We had a great response from the last Ask Steve post. Several of you asked about Total Applied Stretch and how it factors into load containment. So, I thought that would be an excellent follow up question to answer.
Total Applied Stretch is exactly what the name implies. It is the total amount the film that has been stretched from its starting point on the roll to its ending point on the load. It is the sum of the pre-stretch (stretch in the wrapper’s carriage) and the applied tension (stretch between the wrapper and the load). It is critical to load containment because the further you stretch the film, the stiffer (resistant to further stretch) it becomes.
In my example from the last Ask Steve, two pallets identically wrapped with the same Force-to-Load will not have the same containment if the Total Applied Stretch is different. If the film resists “secondary stretch” or further stretch of the film when a force is applied during transportation it will have superior load containment performance (because of higher Total Applied Stretch).
Let’s use our imagination for just a minute to illustrate this concept. You have 9 cubes or blocks on a table and organize them in three rows of three forming a square. Then you place a rubber band around the outside perimeter of the blocks. The rubber band pulls the blocks together because as it retracts it applies force around the perimeter. This is the unitizing force we measure as Force-to-Load. But if you hold the two outer blocks on either side with one hand and push the center block with the other, you will see the center row of blocks move. This happens because the rubber band continues to stretch, even though it initially seemed tight.
Now for the second part of the illustration. Take those nine blocks, but this time, wrap a string around them. Pull the string tight as you tie it. The string also pulls the blocks together as it applies a unitizing force around the perimeter, and it may well be the same Force-to-Load as the rubber band when no external force is applied. But unlike the rubber band, if you push on the block in the center, that row cannot move because the string does not stretch.
Secondary stretch is a load containment enemy, and Total Applied Stretch can predict how likely secondary stretch will happen.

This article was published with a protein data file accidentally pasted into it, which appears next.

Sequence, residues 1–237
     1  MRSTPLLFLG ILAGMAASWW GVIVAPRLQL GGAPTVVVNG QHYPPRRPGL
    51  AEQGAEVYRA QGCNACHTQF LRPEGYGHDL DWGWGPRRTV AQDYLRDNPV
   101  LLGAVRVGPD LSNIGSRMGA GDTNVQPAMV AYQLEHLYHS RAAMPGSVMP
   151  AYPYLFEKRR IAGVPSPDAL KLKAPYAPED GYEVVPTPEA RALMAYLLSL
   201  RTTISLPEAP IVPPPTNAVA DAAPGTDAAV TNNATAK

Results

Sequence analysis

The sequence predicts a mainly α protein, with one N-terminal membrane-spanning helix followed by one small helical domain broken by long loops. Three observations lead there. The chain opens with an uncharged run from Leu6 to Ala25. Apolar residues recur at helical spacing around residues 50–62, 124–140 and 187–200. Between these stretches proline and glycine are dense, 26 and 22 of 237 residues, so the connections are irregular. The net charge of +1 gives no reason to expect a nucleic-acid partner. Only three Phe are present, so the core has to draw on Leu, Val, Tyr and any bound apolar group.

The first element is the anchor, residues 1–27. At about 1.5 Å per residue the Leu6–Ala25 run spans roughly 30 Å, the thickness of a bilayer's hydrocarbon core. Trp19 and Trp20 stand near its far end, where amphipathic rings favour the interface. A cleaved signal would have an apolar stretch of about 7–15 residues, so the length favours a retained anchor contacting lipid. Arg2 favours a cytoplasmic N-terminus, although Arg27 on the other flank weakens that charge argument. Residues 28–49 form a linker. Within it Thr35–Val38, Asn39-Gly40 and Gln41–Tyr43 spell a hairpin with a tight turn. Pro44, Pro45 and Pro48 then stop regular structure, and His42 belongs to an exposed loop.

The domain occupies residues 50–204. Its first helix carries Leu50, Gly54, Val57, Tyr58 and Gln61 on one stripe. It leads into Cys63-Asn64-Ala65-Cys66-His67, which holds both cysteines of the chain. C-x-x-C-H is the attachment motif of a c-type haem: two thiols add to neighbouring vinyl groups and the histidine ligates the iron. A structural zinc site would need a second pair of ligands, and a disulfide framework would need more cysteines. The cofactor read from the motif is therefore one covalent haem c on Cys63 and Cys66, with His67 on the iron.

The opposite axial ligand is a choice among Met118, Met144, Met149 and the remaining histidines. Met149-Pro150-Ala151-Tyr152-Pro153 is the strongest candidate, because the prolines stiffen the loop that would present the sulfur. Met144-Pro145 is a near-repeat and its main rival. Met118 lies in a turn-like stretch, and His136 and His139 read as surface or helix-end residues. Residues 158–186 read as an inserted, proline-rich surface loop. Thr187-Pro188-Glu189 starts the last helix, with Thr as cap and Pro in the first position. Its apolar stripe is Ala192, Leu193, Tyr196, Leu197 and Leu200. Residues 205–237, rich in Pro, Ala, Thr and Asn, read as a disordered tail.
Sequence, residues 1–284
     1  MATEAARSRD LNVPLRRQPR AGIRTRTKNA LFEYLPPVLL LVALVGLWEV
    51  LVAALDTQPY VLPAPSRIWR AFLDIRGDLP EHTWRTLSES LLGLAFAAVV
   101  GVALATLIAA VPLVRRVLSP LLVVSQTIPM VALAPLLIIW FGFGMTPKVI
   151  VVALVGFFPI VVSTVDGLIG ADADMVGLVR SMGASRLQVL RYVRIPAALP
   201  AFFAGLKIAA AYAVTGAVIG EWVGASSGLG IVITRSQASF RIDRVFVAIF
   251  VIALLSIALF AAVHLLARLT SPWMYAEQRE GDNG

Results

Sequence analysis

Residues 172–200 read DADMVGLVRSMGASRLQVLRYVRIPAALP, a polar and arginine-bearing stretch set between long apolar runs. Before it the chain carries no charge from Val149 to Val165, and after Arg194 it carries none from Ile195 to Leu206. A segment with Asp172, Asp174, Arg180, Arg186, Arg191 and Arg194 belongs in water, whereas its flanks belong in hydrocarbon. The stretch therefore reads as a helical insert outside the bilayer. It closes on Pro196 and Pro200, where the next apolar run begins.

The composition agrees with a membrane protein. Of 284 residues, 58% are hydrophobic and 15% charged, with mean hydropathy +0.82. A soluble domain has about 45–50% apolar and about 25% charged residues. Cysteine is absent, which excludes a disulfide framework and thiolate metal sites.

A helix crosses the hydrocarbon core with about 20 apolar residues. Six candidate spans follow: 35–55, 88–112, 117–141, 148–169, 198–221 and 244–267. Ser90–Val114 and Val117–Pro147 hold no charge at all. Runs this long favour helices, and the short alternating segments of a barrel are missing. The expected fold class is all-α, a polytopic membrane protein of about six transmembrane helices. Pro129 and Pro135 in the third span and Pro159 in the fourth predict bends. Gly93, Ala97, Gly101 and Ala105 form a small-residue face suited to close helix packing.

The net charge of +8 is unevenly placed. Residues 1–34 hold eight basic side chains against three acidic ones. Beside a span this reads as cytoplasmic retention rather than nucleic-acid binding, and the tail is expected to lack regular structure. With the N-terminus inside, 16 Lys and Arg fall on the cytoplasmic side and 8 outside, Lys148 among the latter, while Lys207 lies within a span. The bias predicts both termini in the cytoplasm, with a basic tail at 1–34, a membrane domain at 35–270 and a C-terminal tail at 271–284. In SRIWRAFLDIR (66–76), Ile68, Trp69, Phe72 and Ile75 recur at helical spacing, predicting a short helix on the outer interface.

By nature (and name) all stretch films stretch, it’s kind of their thing! Diving a little deeper, all films have a modulus of elasticity, which is the relationship between the force required to stretch over the distance (or percentage) the film is stretched. Films become stiffer as they are stretched, to a point where they reach a maximum, and that is just before they break. For stretch film to be effective for load containment it must resist stretching under the forces applied to the load during transportation. If the film stretches when those forces are applied, the load will move, and load failure can/will occur.
Knowledge can be a powerful thing! Now you understand why it is important to focus not only on Force-to-Load, but on Total Applied Stretch when evaluating a load containment standard. But, how do you know what percent of Total Applied Stretch is right for your application? Generally, most films will reach a peak performance around 200% to 250%. But, keep in mind, that while they stiffen, they will puncture easily on the corner of a pallet or sharp edge of a tier sheet or box corner. Once the film is pierced, the entire web will break. This is the limiting factor for both Total Applied Stretch and your load containment.
We use science to achieve extremely high levels of Total Applied Stretch (without crushing the load) with our patented Rapid Bander, Rapid Roper, and Rapid Roper Plus. And in doing so, we have completely changed the level of load containment that can be achieved with averages of 275% to 390% Total Allied Stretch.
We will be happy to evaluate your unique load characteristics and to help you develop the right standard for load containment, it’s kind of our thing!
As always, thanks for asking!